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How to Block Acrylic Yarn Granny Squares

How to Block Acrylic Granny Squares - Lifestyle

As you may have noticed, it’s granny month here at The Neon Tea Party! 👵 Last week we released a new granny square headband pattern that’s the perfect granny square project for new and seasoned crocheters alike! We’ve also shared our tips for the easiest way to make a slip knot and magic ring! Next on the docket — how to block granny squares made with acrylic yarn.

What is Blocking?

Blocking is the process of using water and/or heat to carefully relax yarn fibers and manipulate your work to a final shape or size.

Blocking is a fantastic way to bring a professional finish to your project and really let the pattern shine! It can also be used to correct the size of multiple pieces if you’ve found your tension changed from the start to the finish of a project.

There are several different ways to block your crochet work. The method you choose is highly dependent on the type of fiber you’re working with. Choosing the wrong method could damage your hard work (aka never put direct heat on acrylic yarn or it will melt)!!

Today we’ll be focussing specifically on blocking granny squares made with acrylic yarn.

How to Block Acrylic Granny Squares - Supplies

Blocking Supplies for Acrylic Yarn

When it comes to blocking granny squares with acrylic yarn, steam is the name of the game.
You may sometimes see steam blocking also referred to as, “dry blocking,” or “heat blocking.”

The difference between steam blocking vs other methods is that you’ll be stretching your project to size, and then adding moisture (steam).

To do this, you’ll need something to create steam. We recommend a garment steamer, as it provides more control, but you can also use the steam setting of an iron (just be sure to never touch your work with the iron itself!).

How to Block Acrylic Granny Squares

You’ll also need something to stretch and shape your work. This typically comes in the form of a blocking board and pins. You can purchase a blocking board and pins made specifically for blocking crochet work OR you can DIY a blocking pegboard with wood and some metal rods.

Pro Tip: If you want to test out blocking before investing in a blocking board or DIYing one, you can also use a foam-style kids playmat or an old yoga mat plus any straight or push pins you have on hand!

Blocked Acrylic Squares

How to Block Projects Made with Acrylic Yarn

Starting in the center and moving toward the edges of your work, carefully stretch your granny square (or whatever project you’re blocking) to the desired tension and shape you’re looking for.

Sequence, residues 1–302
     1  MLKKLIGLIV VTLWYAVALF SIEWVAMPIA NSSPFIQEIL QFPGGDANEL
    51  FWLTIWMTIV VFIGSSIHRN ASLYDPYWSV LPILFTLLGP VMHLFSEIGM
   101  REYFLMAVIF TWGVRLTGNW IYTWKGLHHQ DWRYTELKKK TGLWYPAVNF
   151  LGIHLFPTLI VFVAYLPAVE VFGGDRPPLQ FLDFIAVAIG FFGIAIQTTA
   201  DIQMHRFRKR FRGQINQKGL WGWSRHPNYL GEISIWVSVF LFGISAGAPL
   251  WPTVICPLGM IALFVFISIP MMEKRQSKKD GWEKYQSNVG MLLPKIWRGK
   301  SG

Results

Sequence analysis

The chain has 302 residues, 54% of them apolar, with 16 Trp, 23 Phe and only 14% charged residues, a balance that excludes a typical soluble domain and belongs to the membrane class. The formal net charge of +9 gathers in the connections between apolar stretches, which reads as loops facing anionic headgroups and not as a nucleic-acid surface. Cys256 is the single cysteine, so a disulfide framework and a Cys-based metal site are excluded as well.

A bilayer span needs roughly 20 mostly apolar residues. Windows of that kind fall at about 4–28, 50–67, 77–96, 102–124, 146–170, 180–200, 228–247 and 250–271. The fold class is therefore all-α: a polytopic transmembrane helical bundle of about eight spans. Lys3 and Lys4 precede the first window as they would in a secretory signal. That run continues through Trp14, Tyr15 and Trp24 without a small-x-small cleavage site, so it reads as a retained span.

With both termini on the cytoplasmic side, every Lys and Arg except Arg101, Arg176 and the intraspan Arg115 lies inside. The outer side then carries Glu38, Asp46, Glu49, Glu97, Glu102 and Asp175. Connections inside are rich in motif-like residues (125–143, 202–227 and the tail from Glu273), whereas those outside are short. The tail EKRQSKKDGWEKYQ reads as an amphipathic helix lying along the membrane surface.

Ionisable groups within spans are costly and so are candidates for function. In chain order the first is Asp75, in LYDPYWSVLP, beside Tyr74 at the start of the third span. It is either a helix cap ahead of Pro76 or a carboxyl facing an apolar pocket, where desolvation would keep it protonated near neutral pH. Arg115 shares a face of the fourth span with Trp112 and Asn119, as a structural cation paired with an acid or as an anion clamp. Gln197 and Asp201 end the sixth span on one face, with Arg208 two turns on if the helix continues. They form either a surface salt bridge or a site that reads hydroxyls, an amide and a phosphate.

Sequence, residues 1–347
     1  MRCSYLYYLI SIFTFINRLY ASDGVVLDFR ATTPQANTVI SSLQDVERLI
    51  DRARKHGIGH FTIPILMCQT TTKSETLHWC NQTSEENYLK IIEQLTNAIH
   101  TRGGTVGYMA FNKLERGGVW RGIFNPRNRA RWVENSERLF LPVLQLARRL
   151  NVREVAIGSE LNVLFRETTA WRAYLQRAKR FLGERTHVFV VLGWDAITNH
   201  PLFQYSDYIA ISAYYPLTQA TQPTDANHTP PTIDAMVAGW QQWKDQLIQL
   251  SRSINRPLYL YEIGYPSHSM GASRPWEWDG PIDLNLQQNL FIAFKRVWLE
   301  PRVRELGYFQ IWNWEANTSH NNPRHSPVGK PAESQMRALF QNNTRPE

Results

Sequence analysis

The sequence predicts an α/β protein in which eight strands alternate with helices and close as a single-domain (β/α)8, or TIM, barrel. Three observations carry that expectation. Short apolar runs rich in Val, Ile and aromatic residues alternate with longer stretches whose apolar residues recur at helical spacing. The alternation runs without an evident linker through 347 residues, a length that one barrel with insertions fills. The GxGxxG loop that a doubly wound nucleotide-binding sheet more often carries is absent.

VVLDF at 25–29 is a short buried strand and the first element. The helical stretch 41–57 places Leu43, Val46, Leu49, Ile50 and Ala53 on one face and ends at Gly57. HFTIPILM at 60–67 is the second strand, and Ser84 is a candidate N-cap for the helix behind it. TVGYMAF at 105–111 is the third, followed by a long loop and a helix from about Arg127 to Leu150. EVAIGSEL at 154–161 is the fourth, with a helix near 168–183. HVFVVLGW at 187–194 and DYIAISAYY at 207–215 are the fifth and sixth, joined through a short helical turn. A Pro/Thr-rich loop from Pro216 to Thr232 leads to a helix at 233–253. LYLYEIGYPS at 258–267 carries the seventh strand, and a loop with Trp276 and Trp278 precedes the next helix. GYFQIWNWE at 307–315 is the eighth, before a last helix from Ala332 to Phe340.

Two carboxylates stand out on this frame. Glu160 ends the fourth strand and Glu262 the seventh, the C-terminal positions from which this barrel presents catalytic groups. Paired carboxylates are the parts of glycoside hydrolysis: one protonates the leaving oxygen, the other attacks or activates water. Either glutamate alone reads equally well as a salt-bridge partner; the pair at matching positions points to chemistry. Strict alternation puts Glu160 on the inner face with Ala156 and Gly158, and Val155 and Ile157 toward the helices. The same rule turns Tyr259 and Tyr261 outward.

Place your first pins in the center of the sides, and continue to carefully stretch toward the corners, pinning as you go.

BlockingAcrylicSquares

You may find that there are pulls or dips in the edges of your work, continue to manipulate and stretch the fabric, adding pins to split the difference between your previous two pins to ensure straight edges.

You may need to adjust your pins as you continue to manipulate your work, especially when working with a larger piece.

How to Block Acrylic Granny Squares - Steam

Once your work has been stretched to your desired size and shape, steam your work until it is damp. Leave your work pinned in the desired shape until it has completely dried, usually 2-4 hours. The dry time will depend on the size of your item and how much moisture has been added.

How to Block Acrylic Granny Squares - Before and After

To block or not to block, that is the question.

Even between the most experienced crocheters, the answer to this question will vary! Some crocheters swear by blocking, while others don’t find it necessary.

Our answer? It depends on the project! There are some projects where blocking may not make sense. For example, a crochet hat or beanie will naturally stretch and form on the wearer’s head over time, so blocking isn’t needed.

When it comes to granny squares, however, especially granny square garments, blocking can be incredibly beneficial. Blocking granny squares ensures that every square will be the exact same size, so your finished piece will have a much more polished and professional look. The consistent size will also make the joining process much easier!

Not sure if your project warrants blocking, or need clarification on any of the info shared here? Leave your questions in the comments below!

Be sure to tag us @theneonteaparty in any of your granny projects! See you around the block!

Peace, love & neon,
Dorothy

2 Comments

  1. Hannah on May 1, 2022 at 7:40 pm

    Do you recommend weaving in your ends before blocking?

    • the neon tea party on May 4, 2022 at 2:24 pm

      Great question! If you weave your ends in before blocking, there IS a chance that they’ll shift and you’ll need to trim them a bit afterward. If you weave once the squares are blocked (the method you’ll find recommended most), this won’t happen and your ends will be a bit more secure.

      That being said, I’m partial to weaving in my ends as soon as I finish a square. A huge stack of ends that need to be woven sounds like NO FUN to me, so I always block after the ends have already been woven, and haven’t found it to compromise the integrity of the squares.

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